Are You the One? | Day 28

Now when John heard in prison about the deeds of the Christ, he sent word by his disciples and said to him, “Are you the one who is to come, or shall we look for another?” (Matthew 11:2-3 ESV)

Herein lies one of the most tragic, but hopeful, accounts in all of Scripture. Sometime into Jesus’ ministry, Herod arrested John the Baptist because he was declaring some of Herod’s actions to be sinful. Ultimately, Herod would end up beheading the prophet, but in Matthew 11, John is still alive and in prison. Given the brutal conditions that ancient prisons maintained, John apparently begins to have some level of doubt about Jesus, so he sent his disciples to ask Jesus one critical question:

Are you the one who is to come, or shall we look for another?

In the midst of his desperate situation, John longs for a confirmation that Jesus is the Messiah because if Jesus is the Savior, then suffering is nothing compared to following Christ. Jesus responds by reminding John of numerous signs of the coming Messiah (Isa. 26:18-19, 29:18-19, 53:4, 61:1), which John’s disciples have seen happening with Jesus: the blind see, the deaf hear, the lepers are clean, the dead live, and the poor hear good news. Finally, Jesus tells John, “blessed is the one who is not offended by me (v. 6).”

There is, I believe, great comfort to be found here. After John’s disciples leave, Jesus informs the crowds that John is the messenger from Micah 3:1 and that “there has arisen no one greater than John the Baptist (v. 11).” But in spite of these glowing words from Jesus, John still had doubts; he wondered in his darkest hours whether it was all worth it.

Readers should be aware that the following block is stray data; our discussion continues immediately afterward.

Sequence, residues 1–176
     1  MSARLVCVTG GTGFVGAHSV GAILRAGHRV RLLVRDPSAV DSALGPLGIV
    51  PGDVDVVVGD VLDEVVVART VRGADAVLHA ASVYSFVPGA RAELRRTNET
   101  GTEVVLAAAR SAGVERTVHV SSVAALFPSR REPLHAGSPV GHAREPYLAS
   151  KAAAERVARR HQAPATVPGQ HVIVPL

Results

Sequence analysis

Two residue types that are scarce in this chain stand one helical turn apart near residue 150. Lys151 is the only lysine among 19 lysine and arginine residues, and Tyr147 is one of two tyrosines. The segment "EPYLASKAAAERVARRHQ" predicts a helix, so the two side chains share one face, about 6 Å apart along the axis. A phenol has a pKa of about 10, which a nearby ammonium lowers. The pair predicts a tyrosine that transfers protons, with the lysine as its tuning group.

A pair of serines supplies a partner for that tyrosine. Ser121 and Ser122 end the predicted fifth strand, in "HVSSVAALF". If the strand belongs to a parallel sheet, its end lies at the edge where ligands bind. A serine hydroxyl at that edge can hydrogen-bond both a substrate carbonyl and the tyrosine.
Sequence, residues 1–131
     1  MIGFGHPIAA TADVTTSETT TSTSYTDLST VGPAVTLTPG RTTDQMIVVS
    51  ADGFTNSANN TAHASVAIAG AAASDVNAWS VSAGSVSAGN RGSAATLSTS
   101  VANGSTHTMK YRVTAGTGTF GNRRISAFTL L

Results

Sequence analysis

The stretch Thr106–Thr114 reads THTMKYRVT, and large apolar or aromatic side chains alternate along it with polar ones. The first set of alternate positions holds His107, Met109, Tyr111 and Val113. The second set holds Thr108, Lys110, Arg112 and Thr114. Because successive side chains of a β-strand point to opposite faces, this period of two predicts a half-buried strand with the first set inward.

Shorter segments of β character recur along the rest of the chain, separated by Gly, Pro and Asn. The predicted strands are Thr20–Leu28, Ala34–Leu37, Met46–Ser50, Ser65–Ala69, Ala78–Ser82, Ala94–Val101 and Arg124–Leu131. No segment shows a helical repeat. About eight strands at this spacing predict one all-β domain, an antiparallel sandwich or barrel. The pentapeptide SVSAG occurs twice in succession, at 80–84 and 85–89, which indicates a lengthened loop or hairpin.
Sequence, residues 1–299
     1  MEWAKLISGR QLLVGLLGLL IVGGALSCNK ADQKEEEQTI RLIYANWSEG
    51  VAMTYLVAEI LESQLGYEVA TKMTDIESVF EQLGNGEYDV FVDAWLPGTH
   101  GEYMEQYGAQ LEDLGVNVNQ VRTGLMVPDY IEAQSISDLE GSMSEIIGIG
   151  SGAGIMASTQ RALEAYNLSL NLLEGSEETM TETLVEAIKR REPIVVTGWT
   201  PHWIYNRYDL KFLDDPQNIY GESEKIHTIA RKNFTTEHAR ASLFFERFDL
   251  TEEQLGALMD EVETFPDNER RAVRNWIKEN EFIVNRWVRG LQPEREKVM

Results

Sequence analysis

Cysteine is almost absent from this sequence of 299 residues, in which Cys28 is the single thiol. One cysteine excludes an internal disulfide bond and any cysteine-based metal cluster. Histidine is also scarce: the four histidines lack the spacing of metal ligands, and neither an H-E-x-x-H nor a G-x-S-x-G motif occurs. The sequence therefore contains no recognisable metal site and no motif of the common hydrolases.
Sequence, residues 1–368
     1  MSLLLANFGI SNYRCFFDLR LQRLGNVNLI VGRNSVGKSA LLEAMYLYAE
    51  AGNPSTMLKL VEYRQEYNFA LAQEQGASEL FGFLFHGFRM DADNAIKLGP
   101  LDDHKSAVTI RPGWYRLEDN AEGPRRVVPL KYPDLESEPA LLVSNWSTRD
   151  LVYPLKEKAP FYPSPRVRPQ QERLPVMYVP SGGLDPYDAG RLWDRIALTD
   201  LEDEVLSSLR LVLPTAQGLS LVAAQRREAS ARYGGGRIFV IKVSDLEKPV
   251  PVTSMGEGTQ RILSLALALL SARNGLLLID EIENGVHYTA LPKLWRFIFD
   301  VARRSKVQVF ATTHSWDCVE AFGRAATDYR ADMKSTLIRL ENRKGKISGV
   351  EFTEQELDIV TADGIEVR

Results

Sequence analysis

Fortunately, Jesus is big enough to overcome our doubts. Just like He calmed John’s fears, Jesus is ready to “have mercy on those who doubt (Jude 22).”

Consider past and/or present doubts concerning Christ. How has the LORD helped (or is helping) you resolve them?


The Man of Faith

Abraham Eats With God (Genesis 18:1-15)

Abraham Study Guide (Week 8)


And the LORD appeared to him by the oaks of Mamre, as he sat at the door of his tent in the heat of the day. (Genesis 18:1)

Is there anything too hard for the LORD? At the appointed time I will return to you, about this time next year, and Sarah shall have a son. (Genesis 18:14)

And they were exceedingly astonished, and said to him, Then who can be saved? Jesus looked at them and said, With man it is impossible, but not with God. For all things are possible with God. (Mark 10:26-27)


After thirteen years of God being silent, God spoke to Abram once again last week. Though he was ninety-nine years old and content with finally having a son, the LORD shook Abram’s world. First, God emphasized to Abram again that many nations would descend from him. To drive this point home, God changed Abram’s name to Abraham (which means “father of a multitude”). Second, the LORD re-established His covenant promise with Abraham. In order to give Abraham a physical reminder of this covenant, God commanded him to be circumcised. Third, God clarified that Ishmael would not be Abraham’s heir; rather, Sarah would bear him a son.